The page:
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Micheal

T-Max CN vs. XP-2, again

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Dear People,

I am new to this forum although I have occasionally posted on the camera forum. I realize this question has been hashed out a million times on this forum, but what have people found the actual differences to be? I asked this question on the camera forum on a film thread & didn't get any resposes. When T-Max CN was first introduced it appeared thin to me. It now appears that kodak has made an adjustment & their film appears denser than the past. This may be my imagination but I have had studets using it since it came out.

My real question is what physical differences are observed between the two films - shadow density, "smoothness of characteristic curve in reality", acutance, dye deposit size, etc, etc.

I have been shooting XP-2 @ ISO 300 with good results at both high magnification digitaly 35"x22" & also printing 8"x5.3" on silver based FB paper providing an excellnt tonal range.

I am really curious as to the findings. Thanks

 

Sincerely,

Michael

 

http://www.stardustgrafik.com

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I use both Tri-X (sorry, I've never used T-Max) & XP2 on a regular basis. I shoot both @ 200 ISO with a red or yellow filter and they are quite similar with XP2 having slightly smoother tonality.

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Confusion Circle

 

You shoot at 200 and develop the film as if it was shot at 200 or do you develop the film normally, as if you shot it at 400? Just curious. Thanks. Mikal

 

Wish someone would answer this. I just got some XP2 Super to try. Since a mini-lab will develop it, I have to believe they will process it as though it was ISO 400 unless I tell them different.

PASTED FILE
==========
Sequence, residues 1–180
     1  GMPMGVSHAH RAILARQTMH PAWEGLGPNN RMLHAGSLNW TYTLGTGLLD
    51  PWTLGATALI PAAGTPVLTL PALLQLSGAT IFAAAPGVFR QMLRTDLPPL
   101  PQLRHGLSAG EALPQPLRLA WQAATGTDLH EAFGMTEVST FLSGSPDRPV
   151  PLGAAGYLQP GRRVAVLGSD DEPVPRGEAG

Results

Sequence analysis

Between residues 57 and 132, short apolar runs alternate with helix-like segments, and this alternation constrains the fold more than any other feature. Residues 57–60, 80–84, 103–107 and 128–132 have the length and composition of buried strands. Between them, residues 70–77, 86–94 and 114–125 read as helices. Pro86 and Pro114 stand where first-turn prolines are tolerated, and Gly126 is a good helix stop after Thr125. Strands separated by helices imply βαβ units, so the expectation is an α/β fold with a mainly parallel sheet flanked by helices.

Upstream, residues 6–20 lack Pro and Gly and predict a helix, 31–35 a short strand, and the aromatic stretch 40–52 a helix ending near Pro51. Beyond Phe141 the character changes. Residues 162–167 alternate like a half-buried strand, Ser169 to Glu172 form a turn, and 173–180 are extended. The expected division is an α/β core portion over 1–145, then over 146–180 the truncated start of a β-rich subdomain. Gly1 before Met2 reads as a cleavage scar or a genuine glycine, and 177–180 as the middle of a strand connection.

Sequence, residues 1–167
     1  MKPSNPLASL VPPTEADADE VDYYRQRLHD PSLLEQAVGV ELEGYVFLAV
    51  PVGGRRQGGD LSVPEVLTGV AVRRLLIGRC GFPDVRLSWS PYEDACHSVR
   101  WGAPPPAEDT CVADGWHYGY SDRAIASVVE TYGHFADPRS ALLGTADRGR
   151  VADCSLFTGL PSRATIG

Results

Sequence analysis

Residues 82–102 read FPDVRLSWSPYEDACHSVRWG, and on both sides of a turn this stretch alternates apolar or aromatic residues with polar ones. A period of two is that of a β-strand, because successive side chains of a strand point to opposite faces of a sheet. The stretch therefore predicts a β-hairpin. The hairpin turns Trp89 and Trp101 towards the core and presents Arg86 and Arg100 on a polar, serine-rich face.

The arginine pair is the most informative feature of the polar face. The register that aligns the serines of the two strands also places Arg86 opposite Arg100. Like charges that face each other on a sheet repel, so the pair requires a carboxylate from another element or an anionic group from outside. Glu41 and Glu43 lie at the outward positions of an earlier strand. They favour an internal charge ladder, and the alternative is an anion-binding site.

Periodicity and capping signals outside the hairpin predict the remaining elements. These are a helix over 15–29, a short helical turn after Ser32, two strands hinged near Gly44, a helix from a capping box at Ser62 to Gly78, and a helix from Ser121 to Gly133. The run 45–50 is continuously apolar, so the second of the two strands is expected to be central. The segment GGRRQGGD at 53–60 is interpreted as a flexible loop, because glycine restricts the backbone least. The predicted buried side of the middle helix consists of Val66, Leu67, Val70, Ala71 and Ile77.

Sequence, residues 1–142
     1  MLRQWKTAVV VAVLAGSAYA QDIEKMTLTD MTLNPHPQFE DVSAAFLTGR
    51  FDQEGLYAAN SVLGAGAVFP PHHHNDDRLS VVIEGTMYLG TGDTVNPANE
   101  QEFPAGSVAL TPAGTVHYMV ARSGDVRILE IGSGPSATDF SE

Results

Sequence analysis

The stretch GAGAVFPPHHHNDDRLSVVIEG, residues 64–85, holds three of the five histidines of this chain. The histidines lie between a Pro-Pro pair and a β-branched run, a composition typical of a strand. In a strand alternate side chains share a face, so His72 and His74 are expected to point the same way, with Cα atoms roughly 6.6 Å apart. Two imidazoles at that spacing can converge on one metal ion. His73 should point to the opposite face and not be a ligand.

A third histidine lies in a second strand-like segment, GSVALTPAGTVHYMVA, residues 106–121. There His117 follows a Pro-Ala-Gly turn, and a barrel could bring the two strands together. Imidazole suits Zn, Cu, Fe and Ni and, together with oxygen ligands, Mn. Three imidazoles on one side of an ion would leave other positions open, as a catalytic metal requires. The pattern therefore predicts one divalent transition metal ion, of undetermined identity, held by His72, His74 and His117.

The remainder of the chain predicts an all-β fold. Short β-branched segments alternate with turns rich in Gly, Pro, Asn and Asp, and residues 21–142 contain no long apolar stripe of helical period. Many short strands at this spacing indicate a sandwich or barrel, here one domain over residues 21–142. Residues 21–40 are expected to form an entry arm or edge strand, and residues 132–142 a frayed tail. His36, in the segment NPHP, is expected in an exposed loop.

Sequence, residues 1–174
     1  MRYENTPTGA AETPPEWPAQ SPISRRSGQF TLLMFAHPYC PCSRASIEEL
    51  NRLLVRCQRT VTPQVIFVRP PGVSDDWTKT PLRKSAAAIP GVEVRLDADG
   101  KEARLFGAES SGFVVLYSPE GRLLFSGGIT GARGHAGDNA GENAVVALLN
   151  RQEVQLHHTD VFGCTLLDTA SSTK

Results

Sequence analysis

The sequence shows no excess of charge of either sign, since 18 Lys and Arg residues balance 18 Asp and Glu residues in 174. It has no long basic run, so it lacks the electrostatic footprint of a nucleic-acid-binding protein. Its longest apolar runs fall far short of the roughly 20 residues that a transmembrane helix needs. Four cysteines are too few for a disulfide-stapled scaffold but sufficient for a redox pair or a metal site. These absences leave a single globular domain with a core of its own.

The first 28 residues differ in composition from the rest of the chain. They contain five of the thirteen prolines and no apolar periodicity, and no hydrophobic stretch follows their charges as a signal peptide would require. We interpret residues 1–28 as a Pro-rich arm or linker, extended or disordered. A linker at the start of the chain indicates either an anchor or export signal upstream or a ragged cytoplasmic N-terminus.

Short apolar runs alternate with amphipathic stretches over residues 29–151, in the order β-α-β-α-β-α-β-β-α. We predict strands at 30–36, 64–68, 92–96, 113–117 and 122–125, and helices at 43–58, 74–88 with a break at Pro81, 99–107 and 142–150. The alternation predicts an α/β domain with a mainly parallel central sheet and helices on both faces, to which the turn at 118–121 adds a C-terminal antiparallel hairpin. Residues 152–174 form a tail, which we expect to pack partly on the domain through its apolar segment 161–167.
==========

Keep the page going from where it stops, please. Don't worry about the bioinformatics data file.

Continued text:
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Shoot at 200 and process normally, or, shoot at 400 but meter for the shadows, same difference.

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Since TmaxCN is C-41 process film, it is developed like any other colour negative film, that is in any lab. No matter if that film is b/w, it is made to be processed in chemicals which are used for colour negative films, that is in C-41 process. In fact that is reason for this film to be made, to be processed it in any custom lab. Same for XP2.

 

I didn't use XP2, but TmaxCN (original version, not those two other versions), I used it with ISO 200, 400 and 800 on same role and got usable (more or less for 800) frames. My other finding is that film is for contrast lightning, that is for flash light or for very bright (harsh sunny) days. I had low contrast negatives when used it in overcast days and under tungsten lights. But, my shooting and mettering technique could be reason, not film.

 

I prefer "real" b/w films, but this film has one advantage over "normal" b/w film. That is very low grain on high ISO (400). That is main reason for using it in my case. Before I got studio lights I used construction halogen 500W lights. Under those lights I only manage to have f2,8 or f4 on ISO100 films. Since I needed atleast f8 and didn't wanted grain, I couldn't use "real" ISO 400 film (like Tmax400, TriX400 or HP5), so I used TmaxCN.

 

So, you can not "cheat" with developing this film, on whatever ISO you shoot it, you must develop it same way, that is lab will develop it in theire developing machine for colour negative films. What you can do is pay attention on mettering, like Nick already said.

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